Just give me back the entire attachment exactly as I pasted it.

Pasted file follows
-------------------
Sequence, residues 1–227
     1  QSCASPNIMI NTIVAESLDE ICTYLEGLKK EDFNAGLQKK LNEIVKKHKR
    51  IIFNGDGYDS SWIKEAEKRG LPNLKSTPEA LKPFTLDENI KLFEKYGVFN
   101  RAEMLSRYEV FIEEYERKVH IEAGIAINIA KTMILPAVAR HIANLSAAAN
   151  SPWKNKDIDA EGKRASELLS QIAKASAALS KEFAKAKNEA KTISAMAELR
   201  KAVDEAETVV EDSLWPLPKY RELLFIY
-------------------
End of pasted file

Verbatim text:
Sequence, residues 1–227
     1  QSCASPNIMI NTIVAESLDE ICTYLEGLKK EDFNAGLQKK LNEIVKKHKR
    51  IIFNGDGYDS SWIKEAEKRG LPNLKSTPEA LKPFTLDENI KLFEKYGVFN
   101  RAEMLSRYEV FIEEYERKVH IEAGIAINIA KTMILPAVAR HIANLSAAAN
   151  SPWKNKDIDA EGKRASELLS QIAKASAALS KEFAKAKNEA KTISAMAELR
   201  KAVDEAETVV EDSLWPLPKY RELLFIY